Former policeman shocked he can so easily find school kids dealing cocaine in Copenhagen
According to experts, it has become much easier to get hold of drugs in Denmark – a contention backed up by the findings of a new documentary series debuting on TV2 tonight that introduces an environment very few people in Denmark are actually aware of.
It’s one in which boys aged just 16 and 17 are selling cocaine on the street.
Some still attend folkeskole.
A lot has changed in recent years
In ‘En gang narkostrømer’, of which the first of two episodes will broadcast tonight at 20:50 on TV2, former drug officer René Dahl Andersen, now a respected author and lecturer, embarks onto the streets of Vesterbro in Copenhagen.
Seeing the youngsters made a big impression on Andersen. Just five years ago, Andersen would never have dreamt of meeting dealers as young as the teens he met.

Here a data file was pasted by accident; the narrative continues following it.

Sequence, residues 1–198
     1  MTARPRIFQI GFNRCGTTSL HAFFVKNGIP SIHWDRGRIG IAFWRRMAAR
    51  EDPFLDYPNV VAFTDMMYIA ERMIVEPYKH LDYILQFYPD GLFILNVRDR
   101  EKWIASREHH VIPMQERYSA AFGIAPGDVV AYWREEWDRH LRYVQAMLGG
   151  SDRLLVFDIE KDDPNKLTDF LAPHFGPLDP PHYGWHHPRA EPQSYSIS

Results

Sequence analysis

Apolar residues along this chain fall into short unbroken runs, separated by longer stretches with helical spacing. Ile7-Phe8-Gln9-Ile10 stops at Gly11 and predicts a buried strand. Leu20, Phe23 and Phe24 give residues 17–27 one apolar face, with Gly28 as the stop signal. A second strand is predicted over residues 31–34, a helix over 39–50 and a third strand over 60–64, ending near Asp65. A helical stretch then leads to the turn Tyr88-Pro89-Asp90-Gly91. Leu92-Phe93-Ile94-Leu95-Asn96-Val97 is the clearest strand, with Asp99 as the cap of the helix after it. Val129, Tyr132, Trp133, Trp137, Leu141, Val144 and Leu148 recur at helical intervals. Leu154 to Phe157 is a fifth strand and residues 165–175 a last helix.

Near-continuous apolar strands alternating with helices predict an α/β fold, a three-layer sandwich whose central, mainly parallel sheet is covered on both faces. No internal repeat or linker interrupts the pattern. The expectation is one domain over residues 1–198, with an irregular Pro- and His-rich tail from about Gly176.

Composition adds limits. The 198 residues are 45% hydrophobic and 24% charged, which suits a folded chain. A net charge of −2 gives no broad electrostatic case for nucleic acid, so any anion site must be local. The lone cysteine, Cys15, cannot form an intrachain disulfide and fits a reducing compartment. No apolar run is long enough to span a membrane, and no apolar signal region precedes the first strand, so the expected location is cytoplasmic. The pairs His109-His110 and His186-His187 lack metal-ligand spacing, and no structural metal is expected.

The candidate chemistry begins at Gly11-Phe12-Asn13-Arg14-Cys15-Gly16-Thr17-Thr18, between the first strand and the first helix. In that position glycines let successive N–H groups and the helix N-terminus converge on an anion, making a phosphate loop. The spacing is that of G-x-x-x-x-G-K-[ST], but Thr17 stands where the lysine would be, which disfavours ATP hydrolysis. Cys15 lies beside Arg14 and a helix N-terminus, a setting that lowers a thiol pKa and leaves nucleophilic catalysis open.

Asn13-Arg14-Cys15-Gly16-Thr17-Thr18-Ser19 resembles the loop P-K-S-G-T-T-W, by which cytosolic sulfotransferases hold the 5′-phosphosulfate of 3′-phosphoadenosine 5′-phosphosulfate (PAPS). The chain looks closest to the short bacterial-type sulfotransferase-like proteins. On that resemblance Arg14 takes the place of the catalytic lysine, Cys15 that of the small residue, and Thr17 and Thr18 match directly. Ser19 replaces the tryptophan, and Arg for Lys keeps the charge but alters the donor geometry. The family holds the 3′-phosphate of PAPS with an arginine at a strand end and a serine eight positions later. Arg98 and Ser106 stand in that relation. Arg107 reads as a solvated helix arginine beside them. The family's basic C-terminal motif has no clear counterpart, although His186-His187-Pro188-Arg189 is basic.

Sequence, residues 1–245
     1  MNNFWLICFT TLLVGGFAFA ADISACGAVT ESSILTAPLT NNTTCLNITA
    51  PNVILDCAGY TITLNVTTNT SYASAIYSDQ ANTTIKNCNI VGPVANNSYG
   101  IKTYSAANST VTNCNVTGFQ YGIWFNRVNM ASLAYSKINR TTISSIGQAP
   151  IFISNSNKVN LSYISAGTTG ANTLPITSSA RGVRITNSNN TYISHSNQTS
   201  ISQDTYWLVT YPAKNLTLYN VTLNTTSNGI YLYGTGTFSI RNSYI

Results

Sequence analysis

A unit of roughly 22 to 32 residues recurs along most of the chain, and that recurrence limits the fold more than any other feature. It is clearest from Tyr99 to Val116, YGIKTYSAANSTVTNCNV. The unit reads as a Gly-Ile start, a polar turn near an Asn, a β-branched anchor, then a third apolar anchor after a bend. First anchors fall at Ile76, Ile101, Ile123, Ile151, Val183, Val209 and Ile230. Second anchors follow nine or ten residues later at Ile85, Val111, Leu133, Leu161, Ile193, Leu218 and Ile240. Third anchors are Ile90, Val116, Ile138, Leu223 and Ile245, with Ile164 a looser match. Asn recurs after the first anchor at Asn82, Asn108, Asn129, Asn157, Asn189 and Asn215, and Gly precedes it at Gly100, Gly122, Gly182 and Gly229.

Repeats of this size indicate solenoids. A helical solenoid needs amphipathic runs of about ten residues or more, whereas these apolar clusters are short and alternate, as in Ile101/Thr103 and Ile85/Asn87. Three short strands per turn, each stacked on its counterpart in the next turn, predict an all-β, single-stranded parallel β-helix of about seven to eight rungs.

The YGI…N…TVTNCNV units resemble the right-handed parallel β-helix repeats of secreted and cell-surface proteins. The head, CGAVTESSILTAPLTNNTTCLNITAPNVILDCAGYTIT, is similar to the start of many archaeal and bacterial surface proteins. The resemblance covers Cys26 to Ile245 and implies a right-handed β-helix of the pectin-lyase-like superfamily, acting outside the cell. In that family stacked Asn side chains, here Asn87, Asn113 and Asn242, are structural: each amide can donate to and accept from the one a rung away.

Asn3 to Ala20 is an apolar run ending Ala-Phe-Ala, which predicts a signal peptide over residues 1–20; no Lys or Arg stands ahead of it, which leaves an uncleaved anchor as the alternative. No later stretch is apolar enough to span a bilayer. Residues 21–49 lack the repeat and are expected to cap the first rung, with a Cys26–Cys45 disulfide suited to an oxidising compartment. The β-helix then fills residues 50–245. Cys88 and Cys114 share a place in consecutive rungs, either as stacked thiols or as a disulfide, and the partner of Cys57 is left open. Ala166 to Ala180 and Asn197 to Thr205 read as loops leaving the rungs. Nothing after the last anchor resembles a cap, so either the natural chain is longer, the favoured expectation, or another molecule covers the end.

“I was on these streets for almost 14 years. I have never – like never – encountered a 16-year-old who is in the 9th grade,” he said.
Drug seizures shooting up
Last year, the Danish Customs Agency seized significantly larger quantities of illegal substances than in 2021. Cocaine seizures shot by from 7 to 112 kilos, for example.
Despite political austerity and efforts by the police, the number of young adults and kids who use illegal drugs has remained largely unchanged since the year 2000.
The preferred drugs have changed, though. Previously heroin was the most widespread hard drug, but cocaine quickly took over in the early 00s.
Pays well to deal
In the documentary in Vesterbro, it only takes 45 minutes of Andersen walking its streets before he runs into two very young boys.
It transpires that they had just handed over 50 grams of cocaine to some pushers at the drug intake room H17 and will need to collect the money later. They are used to doing the same procedure many times a week, they said.
“Why keep up with school when you can earn 10,000 kroner a week,” questions Andersen.
Drug crime is by far the biggest form of crime in Denmark. In Danish prisons, 20 percent of the inmates are those convicted of drug offences.